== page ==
California: A Recipe for Financial Disaster? (part 2)

Victor Hanson’s article on the fiscal woes of the State of California starts out well, but soon degrades into stereotyping California society, pointing to our attitudes as a source of our problem. That’s not particularly helpful, but I do think that California society is in part to blame. But it’s not our SUVs – it’s our democracy.

At first glance, California’s ballot initiatives seem like a higher form of democratic government. When you open your first California Voter’s Guide and see all the initiatives, with their pros and cons and rebuttals and financial analyses and legal language, there’s a great sense of empowerment. We The People can participate in governing our state. We can make laws. We can even change our Constitution! Well, yes, but are we the best people for the job? Do we have the big-picture, long-term perspective to prevent financial meltdowns down the road? I don’t think so.

  1. The most well-known ballot initiative is Proposition 13. Led by the Howard Jarvis Taxpayers Association, we amended our constitution in 1978 so that the government cannot reassess a home unless it changes title.  Prop 13 is great for retirees and others on fixed incomes — they’re not going to lose their homes because they can’t pay the taxes.  Rising property taxes in my native state of South Carolina are real menace in the best locations, so I immediately understood the benefit when I immigrated. But after awhile, I became aware that Prop 13 has a dark side: prices for labor and raw materials and energy all go up, but the funding for infrastructure cannot go up in parallel. Unlike sales taxes and fuel taxes, which generate revenue in proportion to the population, property tax revenue is held back.
  2. Another famous ballot initiative is our more recent “Three Strikes and You’re Out” law, Proposition 184. If you’re convicted of three felonies, you go to jail — forever.  Good idea, right? Keep us all safer from the hard-core criminals. And it’s working, right? Since 1994 our crime rate has dropped quite nicely. But it comes at a cost. We have to pay for all those prisoners. And here we are, fifteen years later, and the prison system has gotten very expensive — $9.7 billion just for the adults. The economic effects of the rising costs of labor, healthcare, and real estate needed to handle our ever-increasing prison population, do take their toll over time.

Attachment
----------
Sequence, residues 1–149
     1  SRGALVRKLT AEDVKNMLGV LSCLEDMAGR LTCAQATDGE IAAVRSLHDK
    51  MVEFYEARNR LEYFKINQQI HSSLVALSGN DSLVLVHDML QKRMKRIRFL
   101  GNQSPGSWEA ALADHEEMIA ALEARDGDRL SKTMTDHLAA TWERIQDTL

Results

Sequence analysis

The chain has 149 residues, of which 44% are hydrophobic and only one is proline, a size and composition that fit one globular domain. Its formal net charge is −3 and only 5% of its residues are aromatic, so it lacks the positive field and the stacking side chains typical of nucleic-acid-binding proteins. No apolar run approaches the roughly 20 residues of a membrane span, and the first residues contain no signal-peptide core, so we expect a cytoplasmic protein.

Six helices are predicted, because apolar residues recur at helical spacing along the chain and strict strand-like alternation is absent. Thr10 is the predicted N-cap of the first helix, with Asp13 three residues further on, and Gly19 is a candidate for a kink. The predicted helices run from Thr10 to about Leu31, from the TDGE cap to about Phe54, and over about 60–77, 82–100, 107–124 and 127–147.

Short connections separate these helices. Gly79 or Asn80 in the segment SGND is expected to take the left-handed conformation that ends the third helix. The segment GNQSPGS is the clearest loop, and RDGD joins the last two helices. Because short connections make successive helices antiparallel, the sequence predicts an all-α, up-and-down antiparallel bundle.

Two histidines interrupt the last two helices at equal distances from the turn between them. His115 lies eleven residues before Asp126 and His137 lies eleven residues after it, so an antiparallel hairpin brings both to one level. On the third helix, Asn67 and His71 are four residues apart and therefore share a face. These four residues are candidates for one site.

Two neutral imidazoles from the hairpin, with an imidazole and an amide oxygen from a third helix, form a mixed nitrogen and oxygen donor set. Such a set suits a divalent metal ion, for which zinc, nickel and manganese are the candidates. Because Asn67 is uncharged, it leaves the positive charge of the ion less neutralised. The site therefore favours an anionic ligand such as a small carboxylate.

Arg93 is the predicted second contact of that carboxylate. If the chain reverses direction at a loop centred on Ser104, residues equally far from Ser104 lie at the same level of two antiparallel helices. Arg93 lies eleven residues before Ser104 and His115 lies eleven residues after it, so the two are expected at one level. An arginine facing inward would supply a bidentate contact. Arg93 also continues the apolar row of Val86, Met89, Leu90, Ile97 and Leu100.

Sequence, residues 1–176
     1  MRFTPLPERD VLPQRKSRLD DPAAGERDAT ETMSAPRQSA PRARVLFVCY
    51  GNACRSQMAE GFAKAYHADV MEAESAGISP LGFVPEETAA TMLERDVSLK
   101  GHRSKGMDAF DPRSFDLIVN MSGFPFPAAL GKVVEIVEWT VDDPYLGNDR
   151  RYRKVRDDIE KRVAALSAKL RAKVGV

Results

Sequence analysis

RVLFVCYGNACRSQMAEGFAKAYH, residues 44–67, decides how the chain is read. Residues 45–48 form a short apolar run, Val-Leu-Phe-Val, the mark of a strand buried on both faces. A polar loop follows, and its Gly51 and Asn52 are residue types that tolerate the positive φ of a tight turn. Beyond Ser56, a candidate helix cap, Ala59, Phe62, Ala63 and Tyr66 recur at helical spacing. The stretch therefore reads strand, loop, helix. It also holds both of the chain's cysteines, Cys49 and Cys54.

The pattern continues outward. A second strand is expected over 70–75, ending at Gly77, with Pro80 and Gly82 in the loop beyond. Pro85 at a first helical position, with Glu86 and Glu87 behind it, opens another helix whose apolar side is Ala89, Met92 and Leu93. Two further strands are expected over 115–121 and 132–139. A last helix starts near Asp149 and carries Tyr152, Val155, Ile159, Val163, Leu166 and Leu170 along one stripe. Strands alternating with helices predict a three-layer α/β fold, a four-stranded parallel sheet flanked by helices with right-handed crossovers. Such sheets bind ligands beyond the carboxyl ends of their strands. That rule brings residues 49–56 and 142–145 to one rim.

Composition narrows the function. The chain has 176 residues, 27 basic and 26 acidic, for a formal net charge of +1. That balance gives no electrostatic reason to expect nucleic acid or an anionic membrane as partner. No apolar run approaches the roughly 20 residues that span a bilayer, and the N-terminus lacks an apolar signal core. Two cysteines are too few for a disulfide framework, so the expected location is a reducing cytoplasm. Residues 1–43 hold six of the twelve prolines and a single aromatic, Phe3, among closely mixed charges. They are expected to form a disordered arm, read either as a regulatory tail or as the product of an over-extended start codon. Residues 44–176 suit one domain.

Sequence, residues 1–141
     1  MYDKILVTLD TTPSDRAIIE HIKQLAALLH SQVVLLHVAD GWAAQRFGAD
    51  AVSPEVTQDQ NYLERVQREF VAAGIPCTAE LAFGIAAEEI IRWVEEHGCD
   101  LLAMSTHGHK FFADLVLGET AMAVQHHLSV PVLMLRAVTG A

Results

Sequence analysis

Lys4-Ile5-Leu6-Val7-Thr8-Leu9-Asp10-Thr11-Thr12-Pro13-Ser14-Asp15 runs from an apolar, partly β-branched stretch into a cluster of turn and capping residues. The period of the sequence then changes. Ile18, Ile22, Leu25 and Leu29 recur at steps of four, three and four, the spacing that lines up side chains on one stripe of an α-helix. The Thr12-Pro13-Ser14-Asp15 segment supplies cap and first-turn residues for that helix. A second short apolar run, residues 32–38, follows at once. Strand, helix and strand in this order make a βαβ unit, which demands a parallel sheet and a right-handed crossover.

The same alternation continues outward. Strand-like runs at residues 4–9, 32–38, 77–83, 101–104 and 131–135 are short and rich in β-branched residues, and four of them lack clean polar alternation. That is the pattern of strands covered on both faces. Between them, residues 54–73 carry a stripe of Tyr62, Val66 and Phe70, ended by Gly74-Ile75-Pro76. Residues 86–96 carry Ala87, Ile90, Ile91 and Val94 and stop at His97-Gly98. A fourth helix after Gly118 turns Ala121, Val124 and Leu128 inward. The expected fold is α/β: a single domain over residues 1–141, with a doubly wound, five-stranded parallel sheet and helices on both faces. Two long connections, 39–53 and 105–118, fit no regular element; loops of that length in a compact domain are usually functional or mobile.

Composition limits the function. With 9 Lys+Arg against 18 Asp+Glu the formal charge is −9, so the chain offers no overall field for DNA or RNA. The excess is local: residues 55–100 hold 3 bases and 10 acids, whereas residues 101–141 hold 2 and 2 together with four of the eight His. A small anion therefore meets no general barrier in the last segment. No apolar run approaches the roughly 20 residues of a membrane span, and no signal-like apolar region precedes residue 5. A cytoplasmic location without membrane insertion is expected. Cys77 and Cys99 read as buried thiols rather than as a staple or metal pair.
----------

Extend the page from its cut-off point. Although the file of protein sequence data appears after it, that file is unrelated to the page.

3. Propositions don’t have to be famous to contribute to California’s fiscal woes.   Nearly every election I’ve seen in my 20+ years in California has had bond initiatives.  Some are put on the ballot by the legislature.  Some are put there by petition, led by some special interest or other.  They all propose selling bonds to pay for some really wonderful project.  Let’s do this great thing and improve our state!  It doesn’t raise taxes – we’ll sell bonds to raise the money! Vote Yes! 

    But wait…when those bonds are sold, the state has to pay the interest on those bonds.  That’s what bonds are.  Someone is loaning you money, and you pay them back with interest. Who’s going to pay for this “free” money? Even worse, the pros and cons in the election booklet typically debate the merits of the way the money will be spent and tracked, but hardly ever argue whether the money should be spent in the first place, or how we’ll pay for it later. And lots of the bond initiatives pass, handing the problem of funding that bond interest over to our future legislators. (Mind you, I’ve voted yes on a few of these, so I’m guilty as the next person, but most elections I vote against them. Free money isn’t.)

Now it’s important to note that these are all ballot initiatives. If they fail — if they have disastrous financial consequences — there is NO ONE to hold accountable.  You can’t vote the people of California out of office, like we can the governor and the legislature. Once you’ve given We The People power, it very hard to take it back.

So is California’s budget a lost cause? Between democracy and geology and meteorology are we truly doomed? Perhaps, but there’s one more thing at play here. I’ll tell you in the next installment.

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